The above story is based on materials provided by The JAMA Network Journals. Note: Materials may be edited for content and length.


Journal References:

  1. Mark G. Kris, Bruce E. Johnson, Lynne D. Berry, David J. Kwiatkowski, A. John Iafrate, Ignacio I. Wistuba, Marileila Varella-Garcia, Wilbur A. Franklin, Samuel L. Aronson, Pei-Fang Su, Yu Shyr, D. Ross Camidge, Lecia V. Sequist, Bonnie S. Glisson, Fadlo R. Khuri, Edward B. Garon, William Pao, Charles Rudin, Joan Schiller, Eric B. Haura, Mark Socinski, Keisuke Shirai, Heidi Chen, Giuseppe Giaccone, Marc Ladanyi, Kelly Kugler, John D. Minna, Paul A. Bunn. Using Multiplexed Assays of Oncogenic Drivers in Lung Cancers to Select Targeted Drugs. JAMA, 2014; 311 (19): 1998 DOI: 10.1001/jama.2014.3741
  2. Boris Pasche, Stefan C. Grant. Non–Small Cell Lung Cancer and Precision Medicine. JAMA, 2014; 311 (19): 1975 DOI: 10.1001/jama.2014.3742

Cite This Page:

The JAMA Network Journals. "Genetic alterations in lung cancers help select treatment." ScienceDaily. ScienceDaily, 20 May 2014. <www.sciencedaily.com/releases/2014/05/140520163002.htm>.
The JAMA Network Journals. (2014, May 20). Genetic alterations in lung cancers help select treatment. ScienceDaily. Retrieved October 21, 2014 from www.sciencedaily.com/releases/2014/05/140520163002.htm
The JAMA Network Journals. "Genetic alterations in lung cancers help select treatment." ScienceDaily. www.sciencedaily.com/releases/2014/05/140520163002.htm (accessed October 21, 2014).

Share This



More Health & Medicine News

Tuesday, October 21, 2014

Featured Research

from universities, journals, and other organizations


Featured Videos

from AP, Reuters, AFP, and other news services

How Nigeria Beat Its Ebola Outbreak

How Nigeria Beat Its Ebola Outbreak

Newsy (Oct. 20, 2014) The World Health Organization has declared Nigeria free of Ebola. Health experts credit a bit of luck and the government's initial response. Video provided by Newsy
Powered by NewsLook.com
Another Study Suggests Viagra Is Good For The Heart

Another Study Suggests Viagra Is Good For The Heart

Newsy (Oct. 20, 2014) An ingredient in erectile-dysfunction medications such as Viagra could improve heart function. Perhaps not surprising, given Viagra's history. Video provided by Newsy
Powered by NewsLook.com
Ebola Worries End for Dozens on U.S. Watch Lists

Ebola Worries End for Dozens on U.S. Watch Lists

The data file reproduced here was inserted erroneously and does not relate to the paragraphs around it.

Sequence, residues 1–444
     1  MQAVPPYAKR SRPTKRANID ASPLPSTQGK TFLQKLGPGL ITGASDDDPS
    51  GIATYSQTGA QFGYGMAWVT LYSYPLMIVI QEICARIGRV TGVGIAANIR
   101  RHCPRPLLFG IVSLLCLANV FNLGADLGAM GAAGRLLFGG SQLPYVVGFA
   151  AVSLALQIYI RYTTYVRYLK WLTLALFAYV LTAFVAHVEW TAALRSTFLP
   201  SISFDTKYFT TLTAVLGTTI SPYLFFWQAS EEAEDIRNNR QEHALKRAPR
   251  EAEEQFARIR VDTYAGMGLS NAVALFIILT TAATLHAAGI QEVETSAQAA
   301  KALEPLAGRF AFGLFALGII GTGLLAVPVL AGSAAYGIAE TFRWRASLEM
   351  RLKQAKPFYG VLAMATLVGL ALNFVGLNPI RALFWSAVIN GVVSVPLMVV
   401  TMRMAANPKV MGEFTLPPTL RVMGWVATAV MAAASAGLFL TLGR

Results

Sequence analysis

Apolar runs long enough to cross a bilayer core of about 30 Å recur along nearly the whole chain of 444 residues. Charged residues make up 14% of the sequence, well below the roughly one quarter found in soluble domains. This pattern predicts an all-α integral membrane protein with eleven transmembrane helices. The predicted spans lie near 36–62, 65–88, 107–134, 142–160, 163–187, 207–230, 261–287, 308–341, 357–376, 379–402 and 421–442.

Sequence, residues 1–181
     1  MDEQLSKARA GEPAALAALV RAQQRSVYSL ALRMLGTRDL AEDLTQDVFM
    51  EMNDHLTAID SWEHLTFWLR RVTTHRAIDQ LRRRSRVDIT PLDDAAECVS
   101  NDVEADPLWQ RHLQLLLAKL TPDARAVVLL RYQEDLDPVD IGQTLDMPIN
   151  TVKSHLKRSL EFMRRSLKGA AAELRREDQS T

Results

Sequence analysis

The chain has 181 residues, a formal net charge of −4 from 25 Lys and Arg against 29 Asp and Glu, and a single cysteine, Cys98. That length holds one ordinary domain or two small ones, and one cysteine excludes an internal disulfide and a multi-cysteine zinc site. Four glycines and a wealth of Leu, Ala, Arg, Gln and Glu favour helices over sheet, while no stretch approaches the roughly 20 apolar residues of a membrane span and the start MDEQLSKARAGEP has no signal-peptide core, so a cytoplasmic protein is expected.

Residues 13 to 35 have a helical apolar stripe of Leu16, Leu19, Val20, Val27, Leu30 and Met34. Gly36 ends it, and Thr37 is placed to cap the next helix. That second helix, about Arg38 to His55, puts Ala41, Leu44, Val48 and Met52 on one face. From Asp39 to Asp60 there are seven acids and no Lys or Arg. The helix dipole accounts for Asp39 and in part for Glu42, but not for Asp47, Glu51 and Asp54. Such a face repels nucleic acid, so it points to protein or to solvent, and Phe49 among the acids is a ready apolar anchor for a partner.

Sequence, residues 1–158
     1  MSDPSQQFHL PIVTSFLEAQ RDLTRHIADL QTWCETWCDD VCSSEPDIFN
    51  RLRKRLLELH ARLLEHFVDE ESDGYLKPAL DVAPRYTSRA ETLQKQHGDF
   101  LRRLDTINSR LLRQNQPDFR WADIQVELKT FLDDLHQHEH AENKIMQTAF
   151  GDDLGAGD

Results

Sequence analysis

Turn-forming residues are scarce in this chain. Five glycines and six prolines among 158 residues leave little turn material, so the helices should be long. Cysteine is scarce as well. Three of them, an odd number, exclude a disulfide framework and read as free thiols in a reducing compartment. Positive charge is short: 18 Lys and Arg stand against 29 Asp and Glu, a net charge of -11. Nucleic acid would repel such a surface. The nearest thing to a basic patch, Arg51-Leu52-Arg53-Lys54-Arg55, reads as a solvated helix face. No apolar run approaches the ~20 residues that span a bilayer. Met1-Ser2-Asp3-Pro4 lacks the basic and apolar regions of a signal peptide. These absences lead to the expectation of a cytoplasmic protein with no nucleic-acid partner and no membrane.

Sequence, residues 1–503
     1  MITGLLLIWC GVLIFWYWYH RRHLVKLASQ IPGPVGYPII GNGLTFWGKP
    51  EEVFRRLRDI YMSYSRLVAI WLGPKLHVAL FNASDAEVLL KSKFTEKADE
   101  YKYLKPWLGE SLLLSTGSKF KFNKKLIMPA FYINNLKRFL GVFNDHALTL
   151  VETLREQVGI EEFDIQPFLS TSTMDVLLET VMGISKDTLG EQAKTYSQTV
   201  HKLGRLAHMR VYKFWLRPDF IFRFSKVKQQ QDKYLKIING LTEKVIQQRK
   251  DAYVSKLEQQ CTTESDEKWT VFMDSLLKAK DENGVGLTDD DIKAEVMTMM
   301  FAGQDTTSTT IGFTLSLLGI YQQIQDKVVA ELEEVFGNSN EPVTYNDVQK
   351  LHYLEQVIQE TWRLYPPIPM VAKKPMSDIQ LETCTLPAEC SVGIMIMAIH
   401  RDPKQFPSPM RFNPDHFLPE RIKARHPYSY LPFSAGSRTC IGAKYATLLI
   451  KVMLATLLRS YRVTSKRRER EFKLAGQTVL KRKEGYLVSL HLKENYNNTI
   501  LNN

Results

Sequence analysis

Reuters - US Online Video (Oct. 20, 2014) Forty-three people who had contact with Thomas Eric Duncan, the first person diagnosed with Ebola in the U.S., were cleared overnight of twice-daily monitoring after 21 days of showing no symptoms. Rough Cut (no reporter narration). Video provided by Reuters
Powered by NewsLook.com
CDC Calls for New Ebola Safety Guidelines

CDC Calls for New Ebola Safety Guidelines

AP (Oct. 20, 2014) Centers for Disease Control and Prevention Director Dr. Tom Frieden laid out new guidelines for health care workers when dealing with the deadly Ebola virus including new precautions when taking off personal protective equipment. (Oct. 20) Video provided by AP
Powered by NewsLook.com

Search ScienceDaily

Number of stories in archives: 140,361

Find with keyword(s):
Enter a keyword or phrase to search ScienceDaily for related topics and research stories.

Save/Print:
Share:

Breaking News:

Strange & Offbeat Stories


Health & Medicine

Mind & Brain

Living & Well

In Other News

... from NewsDaily.com

Science News

Health News

Environment News

Technology News



Save/Print:
Share:

Free Subscriptions


Get the latest science news with ScienceDaily's free email newsletters, updated daily and weekly. Or view hourly updated newsfeeds in your RSS reader:

Get Social & Mobile


Keep up to date with the latest news from ScienceDaily via social networks and mobile apps:

Have Feedback?


Tell us what you think of ScienceDaily -- we welcome both positive and negative comments. Have any problems using the site? Questions?
Mobile: iPhone Android Web
Follow: Facebook Twitter Google+
Subscribe: RSS Feeds Email Newsletters
Latest Headlines Health & Medicine Mind & Brain Space & Time Matter & Energy Computers & Math Plants & Animals Earth & Climate Fossils & Ruins